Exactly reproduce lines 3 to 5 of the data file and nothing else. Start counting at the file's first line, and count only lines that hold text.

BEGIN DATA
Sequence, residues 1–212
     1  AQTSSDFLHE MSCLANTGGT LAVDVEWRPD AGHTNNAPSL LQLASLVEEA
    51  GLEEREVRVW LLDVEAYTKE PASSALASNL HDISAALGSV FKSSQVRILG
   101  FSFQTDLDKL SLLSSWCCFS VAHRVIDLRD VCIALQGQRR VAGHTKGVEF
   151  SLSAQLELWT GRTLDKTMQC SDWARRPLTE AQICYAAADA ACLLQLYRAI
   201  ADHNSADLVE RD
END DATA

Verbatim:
    51  GLEEREVRVW LLDVEAYTKE PASSALASNL HDISAALGSV FKSSQVRILG
   101  FSFQTDLDKL SLLSSWCCFS VAHRVIDLRD VCIALQGQRR VAGHTKGVEF
   151  SLSAQLELWT GRTLDKTMQC SDWARRPLTE AQICYAAADA ACLLQLYRAI